Oil prices edged up above $99 Thursday, the first trading day after Christmas, as violence in South Sudan stoked concerns about the country's oil production.
Benchmark US oil for February delivery was up 17 cents to $99.39 a barrel in electronic trading on the New York Mercantile Exchange.
The contract inched up 31 cents to close at $99.22 on pre-Christmas Tuesday after briefly dropping below $99.
Oil prices gained nearly three per cent last week as optimism about the US economic recovery lifted expectations for the country's energy demand.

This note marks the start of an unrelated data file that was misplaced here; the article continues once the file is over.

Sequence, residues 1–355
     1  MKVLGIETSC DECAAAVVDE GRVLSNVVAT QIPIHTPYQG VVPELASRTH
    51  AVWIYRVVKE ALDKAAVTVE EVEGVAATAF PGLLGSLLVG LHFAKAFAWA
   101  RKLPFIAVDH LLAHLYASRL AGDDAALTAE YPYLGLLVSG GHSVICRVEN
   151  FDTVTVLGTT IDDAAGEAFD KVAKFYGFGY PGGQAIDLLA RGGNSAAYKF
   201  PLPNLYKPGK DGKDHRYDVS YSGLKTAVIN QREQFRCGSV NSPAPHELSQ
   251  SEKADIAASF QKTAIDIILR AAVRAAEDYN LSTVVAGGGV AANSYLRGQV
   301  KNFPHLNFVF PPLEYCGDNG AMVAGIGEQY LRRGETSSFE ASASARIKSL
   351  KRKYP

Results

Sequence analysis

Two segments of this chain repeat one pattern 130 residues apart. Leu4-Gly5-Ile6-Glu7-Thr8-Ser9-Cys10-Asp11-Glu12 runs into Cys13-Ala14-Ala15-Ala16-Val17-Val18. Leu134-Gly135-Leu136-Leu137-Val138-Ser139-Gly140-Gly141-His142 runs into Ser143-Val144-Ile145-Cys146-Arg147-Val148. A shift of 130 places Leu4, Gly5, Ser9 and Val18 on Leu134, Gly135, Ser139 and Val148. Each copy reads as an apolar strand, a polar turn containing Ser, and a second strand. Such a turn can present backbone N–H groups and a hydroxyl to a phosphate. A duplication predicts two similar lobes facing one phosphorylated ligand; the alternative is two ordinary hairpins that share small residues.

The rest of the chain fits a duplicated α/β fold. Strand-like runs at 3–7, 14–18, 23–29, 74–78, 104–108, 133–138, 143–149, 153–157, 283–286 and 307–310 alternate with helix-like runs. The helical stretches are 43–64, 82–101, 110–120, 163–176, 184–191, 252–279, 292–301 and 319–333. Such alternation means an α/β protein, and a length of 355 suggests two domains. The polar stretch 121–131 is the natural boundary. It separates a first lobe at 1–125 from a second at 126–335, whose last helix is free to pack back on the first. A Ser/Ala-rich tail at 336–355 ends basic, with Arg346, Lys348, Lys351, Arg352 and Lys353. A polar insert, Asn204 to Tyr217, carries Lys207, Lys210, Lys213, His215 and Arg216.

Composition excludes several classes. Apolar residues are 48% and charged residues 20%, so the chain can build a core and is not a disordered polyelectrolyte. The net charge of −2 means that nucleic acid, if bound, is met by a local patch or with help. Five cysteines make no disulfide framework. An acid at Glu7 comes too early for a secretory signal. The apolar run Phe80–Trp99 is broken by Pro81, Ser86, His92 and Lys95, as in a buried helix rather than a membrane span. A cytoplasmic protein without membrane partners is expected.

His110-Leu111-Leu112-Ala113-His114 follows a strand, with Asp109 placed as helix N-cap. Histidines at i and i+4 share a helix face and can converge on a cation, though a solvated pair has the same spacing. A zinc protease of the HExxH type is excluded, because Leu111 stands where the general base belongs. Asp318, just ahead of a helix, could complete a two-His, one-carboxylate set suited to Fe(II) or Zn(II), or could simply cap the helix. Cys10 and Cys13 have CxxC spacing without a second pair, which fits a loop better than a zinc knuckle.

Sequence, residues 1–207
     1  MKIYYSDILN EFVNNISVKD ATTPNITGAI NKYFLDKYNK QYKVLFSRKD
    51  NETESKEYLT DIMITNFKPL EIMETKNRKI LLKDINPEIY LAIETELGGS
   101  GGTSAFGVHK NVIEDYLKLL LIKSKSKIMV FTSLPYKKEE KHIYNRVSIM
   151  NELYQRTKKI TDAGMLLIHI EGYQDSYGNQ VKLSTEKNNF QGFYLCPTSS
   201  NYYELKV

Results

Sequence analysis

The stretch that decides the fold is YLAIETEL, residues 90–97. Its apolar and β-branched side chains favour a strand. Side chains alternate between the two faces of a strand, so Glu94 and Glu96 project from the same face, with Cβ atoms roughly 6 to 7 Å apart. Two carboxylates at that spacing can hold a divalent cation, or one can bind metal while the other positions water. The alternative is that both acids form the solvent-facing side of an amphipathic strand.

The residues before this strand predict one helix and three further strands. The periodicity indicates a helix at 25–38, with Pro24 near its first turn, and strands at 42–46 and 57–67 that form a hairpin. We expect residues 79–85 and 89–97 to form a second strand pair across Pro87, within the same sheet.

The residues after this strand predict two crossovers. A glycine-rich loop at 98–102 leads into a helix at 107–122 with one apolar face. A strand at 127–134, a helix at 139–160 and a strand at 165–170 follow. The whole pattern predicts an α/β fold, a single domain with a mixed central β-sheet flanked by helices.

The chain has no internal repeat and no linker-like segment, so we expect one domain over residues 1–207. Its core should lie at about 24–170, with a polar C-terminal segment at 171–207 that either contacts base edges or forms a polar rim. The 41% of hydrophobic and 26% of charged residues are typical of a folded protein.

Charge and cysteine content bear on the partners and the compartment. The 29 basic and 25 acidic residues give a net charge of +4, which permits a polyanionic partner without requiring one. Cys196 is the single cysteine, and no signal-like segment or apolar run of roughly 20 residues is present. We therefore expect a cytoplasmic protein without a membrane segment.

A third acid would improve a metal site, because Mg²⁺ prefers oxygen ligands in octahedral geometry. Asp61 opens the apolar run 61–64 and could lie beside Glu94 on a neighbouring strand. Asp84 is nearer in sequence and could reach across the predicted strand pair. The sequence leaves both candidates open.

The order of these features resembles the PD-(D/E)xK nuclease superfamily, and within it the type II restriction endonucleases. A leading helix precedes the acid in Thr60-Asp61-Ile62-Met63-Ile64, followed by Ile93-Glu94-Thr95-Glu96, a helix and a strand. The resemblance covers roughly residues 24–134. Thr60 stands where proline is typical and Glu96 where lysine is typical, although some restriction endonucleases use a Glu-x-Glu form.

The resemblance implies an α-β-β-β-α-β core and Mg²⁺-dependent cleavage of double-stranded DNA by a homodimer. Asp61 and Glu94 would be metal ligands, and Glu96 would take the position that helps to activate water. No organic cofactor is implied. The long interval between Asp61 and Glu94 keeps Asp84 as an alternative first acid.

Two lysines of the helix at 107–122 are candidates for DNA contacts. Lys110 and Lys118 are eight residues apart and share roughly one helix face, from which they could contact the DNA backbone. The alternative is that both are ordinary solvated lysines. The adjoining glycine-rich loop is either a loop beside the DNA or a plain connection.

Worries over instability in South Sudan have led some analysts to predict the contract may top $100 a barrel for the first time since mid-October. On Tuesday, the UN Security Council voted to increase UN peacekeeping forces in conflict-torn South Sudan by nearly 80 per cent.
Brent crude, a benchmark for international oils, was up 11 cents at $112.01 a barrel on the ICE exchange in London.
In other energy futures trading on Nymex, wholesale gasolene rose 0.31 cent to $2.8165 a gallon, heating oil inched up 0.4 cent at $3.0725 a gallon and natural gas was up 3.1 cents to $4.447 per 1,000 cubic feet.